Because accusing the President of obstruction of justice would cripple his administration, we have raised the bar for obstruction to a higher level than we would otherwise and when the SOB is impeached, we’ll hopefully have provided the evidence for criminal charges when he’s no longer in the White House. We’ll give you a break Mr. President and let the whole world know that you’re basically a criminal in so doing.

That is Kafka, pure and straight.

With no way out except precisely the way Trump has been fighting it: in the court of public opinion in social media and in the media in general. Which in part was what got the president in trouble. Had he not tweeted about the investigation there would be a much shorter list of possible obstruction incidents. But had he not tweeted, he wouldn’t have alerted his base and the world in general to what has been essentially a political process from the get-go.

In a speech given at Hillsdale College in May of last year, John Marini advanced a fascinating and disturbing theory that links Watergate directly to the Mueller probe and the function of the special counsel or special prosecutor. Before you start cheering in the hope that it adds another plank in the obstruction narrative that even now is evolving into a conflicts and cover-up narrative, think again. Marini’s speech was about how Watergate was in essence a savage pushback by the administrative state against an electorally popular president (Nixon swept the 72 elections to crush McGovern) who was reportedly planning to reign in government in DC and cut back the sprawling edifice that every president from FDR through LBJ had helped enlarge. Here’s Marini:

I recall being struck at the time of Watergate by the fact that there was a tremendous mobilization of partisan opinion against Nixon, but very little partisan mobilization in Nixon’s defense. The reason for this, in retrospect, is that it is difficult—if not impossible—to mobilize partisan support once the contest is removed from the political arena and placed in the hands of prosecutors, grand juries, and judges. Nixon believed, correctly, that his partisan enemies were trying to destroy him. But even Republicans in Congress came to accept Watergate primarily in legal terms. The most remembered line from a Nixon defender was that of Senator Howard Baker: “What did the President know, and when did he know it?” Nixon quickly became boxed in; he was limited to making a legal, rather than political, defense of his office.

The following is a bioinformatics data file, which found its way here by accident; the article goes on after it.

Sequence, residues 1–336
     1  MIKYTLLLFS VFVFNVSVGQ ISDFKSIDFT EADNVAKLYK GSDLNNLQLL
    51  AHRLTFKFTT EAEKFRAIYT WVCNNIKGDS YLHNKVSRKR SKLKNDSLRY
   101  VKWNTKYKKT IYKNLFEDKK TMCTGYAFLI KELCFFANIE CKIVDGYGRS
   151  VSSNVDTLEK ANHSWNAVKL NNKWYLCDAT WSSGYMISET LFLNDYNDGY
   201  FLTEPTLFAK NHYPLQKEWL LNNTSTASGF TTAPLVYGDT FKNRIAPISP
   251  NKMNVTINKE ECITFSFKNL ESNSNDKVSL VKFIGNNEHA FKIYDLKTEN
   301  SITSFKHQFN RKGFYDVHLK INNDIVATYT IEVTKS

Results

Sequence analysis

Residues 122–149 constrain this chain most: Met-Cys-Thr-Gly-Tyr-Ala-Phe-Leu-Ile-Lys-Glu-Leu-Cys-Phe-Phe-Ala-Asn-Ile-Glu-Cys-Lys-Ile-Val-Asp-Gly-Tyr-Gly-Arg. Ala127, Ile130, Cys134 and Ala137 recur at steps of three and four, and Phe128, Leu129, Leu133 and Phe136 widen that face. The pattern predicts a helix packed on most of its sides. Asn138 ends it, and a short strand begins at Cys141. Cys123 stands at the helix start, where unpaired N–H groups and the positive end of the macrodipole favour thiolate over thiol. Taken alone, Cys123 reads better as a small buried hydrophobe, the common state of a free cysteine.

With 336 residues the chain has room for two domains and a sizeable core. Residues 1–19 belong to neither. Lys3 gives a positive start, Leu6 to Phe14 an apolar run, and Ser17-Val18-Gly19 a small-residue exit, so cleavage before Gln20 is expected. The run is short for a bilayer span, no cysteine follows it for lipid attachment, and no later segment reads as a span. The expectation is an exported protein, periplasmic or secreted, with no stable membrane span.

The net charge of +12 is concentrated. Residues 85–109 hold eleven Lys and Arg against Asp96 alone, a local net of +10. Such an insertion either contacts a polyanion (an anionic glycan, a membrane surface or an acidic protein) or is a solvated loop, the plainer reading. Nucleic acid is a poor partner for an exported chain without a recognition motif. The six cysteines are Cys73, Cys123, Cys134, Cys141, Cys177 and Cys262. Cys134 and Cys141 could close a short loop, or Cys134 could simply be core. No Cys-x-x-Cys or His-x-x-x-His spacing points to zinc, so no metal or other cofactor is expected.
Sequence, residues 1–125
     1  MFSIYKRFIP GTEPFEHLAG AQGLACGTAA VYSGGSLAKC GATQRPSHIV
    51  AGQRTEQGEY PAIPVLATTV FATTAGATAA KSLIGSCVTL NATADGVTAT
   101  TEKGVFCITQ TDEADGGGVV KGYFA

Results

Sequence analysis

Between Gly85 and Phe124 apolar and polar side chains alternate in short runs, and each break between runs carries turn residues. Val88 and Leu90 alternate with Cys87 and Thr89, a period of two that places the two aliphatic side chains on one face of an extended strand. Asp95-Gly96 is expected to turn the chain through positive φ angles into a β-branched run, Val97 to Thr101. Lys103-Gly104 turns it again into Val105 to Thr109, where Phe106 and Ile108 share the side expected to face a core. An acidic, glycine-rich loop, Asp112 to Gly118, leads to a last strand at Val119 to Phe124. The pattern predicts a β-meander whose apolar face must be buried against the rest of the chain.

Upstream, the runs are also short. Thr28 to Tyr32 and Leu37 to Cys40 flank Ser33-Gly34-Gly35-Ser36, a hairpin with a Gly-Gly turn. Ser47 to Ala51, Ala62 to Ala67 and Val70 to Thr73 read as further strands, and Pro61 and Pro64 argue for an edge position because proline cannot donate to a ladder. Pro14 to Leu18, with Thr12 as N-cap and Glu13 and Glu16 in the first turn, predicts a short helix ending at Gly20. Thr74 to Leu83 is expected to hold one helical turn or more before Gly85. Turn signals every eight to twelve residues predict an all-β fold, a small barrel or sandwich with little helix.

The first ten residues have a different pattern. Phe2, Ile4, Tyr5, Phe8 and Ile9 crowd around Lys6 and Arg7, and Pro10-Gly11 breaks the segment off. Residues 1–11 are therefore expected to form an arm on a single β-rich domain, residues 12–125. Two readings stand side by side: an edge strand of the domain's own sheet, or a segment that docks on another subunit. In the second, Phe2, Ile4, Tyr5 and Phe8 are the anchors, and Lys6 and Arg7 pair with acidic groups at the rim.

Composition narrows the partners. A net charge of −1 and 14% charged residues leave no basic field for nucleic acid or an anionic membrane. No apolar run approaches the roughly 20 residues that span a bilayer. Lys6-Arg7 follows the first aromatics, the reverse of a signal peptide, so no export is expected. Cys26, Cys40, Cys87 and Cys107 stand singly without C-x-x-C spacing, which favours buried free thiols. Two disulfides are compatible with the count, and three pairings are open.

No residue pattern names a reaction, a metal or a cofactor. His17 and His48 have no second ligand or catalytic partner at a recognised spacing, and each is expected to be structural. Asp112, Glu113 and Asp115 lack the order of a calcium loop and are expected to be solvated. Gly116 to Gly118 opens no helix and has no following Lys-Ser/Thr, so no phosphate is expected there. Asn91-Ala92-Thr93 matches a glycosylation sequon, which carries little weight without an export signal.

Trump – instinctively rather than as a reasoned strategy even if he was already in his 20’s and working in real estate when the Watergate scandal played out across America and the world – has refused to make the same mistake as Nixon. He’s fought back politically recognizing and declaring to the world that Mueller has always been a political, rather than a legal process.

History may yet prove him right.

James Hohmann in his Daily 202 published a list of the size of charitable donations that major Democrat primary contenders have given in years past; as a percentage relative to their total income. Something that is possible because they have released their tax returns for the public to see. It’s interesting to read the list on the eve of Maundy Thursday – or Holy Thursday as it is now more commonly called – and reflect on what charity means in 2019.

The answer seems to lie with who’s at the top of the list as the most generous giver to charity: Elizabeth Warren and her husband at 5.5% of their total income. And as we know, Warren favors stringent regulation of the financial industry and higher taxes to pay for elaborate all-consuming social programs. But at least she’s consistent with her dogma.

At the other end of the spectrum is President Trump who maintains his taxes are none of our damn business. Which is a fairly American way of viewing the question of charity, even as America and Americans are by far the most generous givers on the planet towards charitable causes. Unlike many European countries that insist that the state should fill the gap, funded by high taxes of course.

Faith and works.

A long-puzzled-over verse from Paul the Apostle (I’ve already given away my team by naming St. Paul in such a manner) engages in an excruciatingly elegant and complex meditation on faith and works in his letter to the Galatians. Faith and works. Christians have killed and tortured and died over how to interpret those words so it can leave one weary of the endless argument that today still lives on in unexpected ways.

Like when we talk about taxes.

One can argue that the moral righteousness that some statists seem to infuse their fiscal arguments with comes from the argument over how to balance faith and works, with the statists obviously coming down on the side of works.

Government works of course.

So while Warren is surely pleased that her charitable giving (as a percentage) swamps the very frugal and very wealthy Beto O’Rourke (who gave a fraction of a percent of his and his wife’s total income), she’d much rather have her charitable giving nailed down by the IRS with a steeply progressive tax rate codified into law by a Socially Democratic Congress.

And that brings up a further point. The only way for works to be truly acceptable to the progressive woke crowd that have taken over the Democratic Party is for the IRS to raise taxes, and charity be damned. So that’s just one more reason for moderate Catholics to feel they no longer belong as Democrats, aside from the principal reason they feel that way which is the abortion issue.

But interestingly as Michael Warren Davis (who edits the Catholic Herald) writes in the Washington Examiner, Catholics are no longer a voting block the way Evangelicals are: